"Our Loose Ends" Genealogy Column
by Lynna Kay Shuffield
Houston, Texas

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Printed in the Taylor Daily Press & Thorndale Champion
5 March 2004

Molecular Genealogy Research

We are now seeing science and genealogy combining for mutual goals! Molecular genealogy links individuals together in family trees based on their unique identification of genetic markers.

The Sorenson Molecular Genealogy Foundation is currently working on a study known as the Molecular Genealogy Research Project (MGRP). The first subset containing over 5,000 genetic profiles correlated to pedigree information was released on March 1, 2004 and it is accessible through the project website at http://www.smgf.org. There is no fee to search the database.

Molecular genealogy is accomplished by using the information encoded in the DNA of an individual and/or population to determine the relatedness of individuals, families, tribal groups, and populations. Pedigrees based on genetic markers can reveal relationships not detectable in genealogies based only on names, written records, or oral traditions.

A genetic identification is unique and can even discriminate between closely related individuals or those sharing the same name. The fact that DNA is inherited and that each individual is the product of his/her progenitors means that DNA can be used to not only create unique identifications, but also to identify members of the same family, the same clan or tribal group, or the same population.

At this time, the use of genetics in the genealogical field is primarily limited to tests involving the Y chromosome (which follows the paternal line) and the mitochondrial DNA (which follows the maternal line). The use of these two genetic tests can detect the presence of a common male or female ancestor between any two individuals that have reason to believe they belong to the same paternal or maternal line (the two outermost lines found on a pedigree chart). Unfortunately, these two methods of testing are not sufficient to answer more complex genealogical questions concerning additional family lines.

The majority of people currently living in the United States descend from immigrants of foreign countries. Genealogical investigation has shown that through the process of immigration, or because of adoptions, illegitimacies, or other causes, genealogical records have often been changed, lost, destroyed, or never kept in the first place. As a result, many individuals cannot find a country of origin for one or more of their ancestors. What can be done to restore the link to their rightful heritage?

The Sorenson Molecular Genealogy Foundation main objective is to find ways to use DNA for genealogical purposes, other than Y chromosome and mitochondrial DNA testing. For the past four years, the Foundation has been collecting DNA samples and genealogies from thousands of people from all over the world.

Participation in the MRGP is free, voluntary, and confidential. Individuals with a minimum of four biological generations of pedigree information are eligible to participate in this study by submitting a small DNA samples together with a copy of their family tree. DNA is labeled to protect participants' privacy and then correlated to the genealogical information found on the pedigree charts for ancestors born prior to 1900. As subsets of this large genealogical/genetic database become functional, the Sorenson Molecular Genealogy Foundation will make them available to the public free of charge.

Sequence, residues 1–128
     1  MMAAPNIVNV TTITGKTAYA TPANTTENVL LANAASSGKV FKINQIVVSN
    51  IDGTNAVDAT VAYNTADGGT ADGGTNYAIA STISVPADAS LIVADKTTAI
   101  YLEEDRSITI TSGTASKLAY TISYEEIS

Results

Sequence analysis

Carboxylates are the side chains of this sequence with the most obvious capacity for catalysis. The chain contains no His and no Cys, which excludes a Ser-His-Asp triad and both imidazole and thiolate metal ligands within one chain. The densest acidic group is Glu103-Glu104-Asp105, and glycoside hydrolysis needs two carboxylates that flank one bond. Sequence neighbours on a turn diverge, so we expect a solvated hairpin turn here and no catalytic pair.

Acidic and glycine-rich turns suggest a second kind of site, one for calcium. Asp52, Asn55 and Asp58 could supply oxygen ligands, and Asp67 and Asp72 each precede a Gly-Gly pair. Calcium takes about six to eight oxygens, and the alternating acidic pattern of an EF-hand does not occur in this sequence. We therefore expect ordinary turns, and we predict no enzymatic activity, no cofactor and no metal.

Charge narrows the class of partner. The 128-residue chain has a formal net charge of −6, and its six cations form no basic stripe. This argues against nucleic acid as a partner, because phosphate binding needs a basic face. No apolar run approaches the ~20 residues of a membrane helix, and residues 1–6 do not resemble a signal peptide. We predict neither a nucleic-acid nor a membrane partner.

The Foundation plans to add new genetic profiles and pedigree charts to this database on a regular basis. In the meantime, anyone that would like to contribute a sample of DNA and a copy of their genealogy to the MGRP is invited to request a free participation kit by visiting the project website.

You can be assured; I have already order kits for my family members! What a great opportunity to advance science and genealogy!

In this column, I will be glad to highlight and review any family history, genealogy, county history, or similar book, free of charge, if you donate a copy of the book or item. After it has been highlighted and reviewed, on a space available basis, it will be donated to the genealogy section of a library. You will receive an acknowledgment of the donation from the library. Mail item or book to me at the below address.

Lynna Kay Shuffield has written several books related to Texas genealogy and military history. She has spoken before numerous genealogy and veterans groups. Also, is a County Coordinator for the Texas GenWeb Project. Regretfully, she cannot help with individual genealogical research. Please visit the website for this column at: http://www.geocities.com/lks_friday/COLUMN-001.htm or if you have any questions, comments, suggestions for column topics, genealogy or historical society announcements, please contact her at: P. O. Box 16604, Houston, Texas 77222-6604 or e-mail: lksfriday@sbcglobal.net

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This webpage was last created on 5 March 2004 and was last revised on __________

Copyright 1999, 2001, 2002, 2003, 2004 Lynna Kay Shuffield - All rights reserved.
P. O. Box 16604
Houston, Texas 77222-6604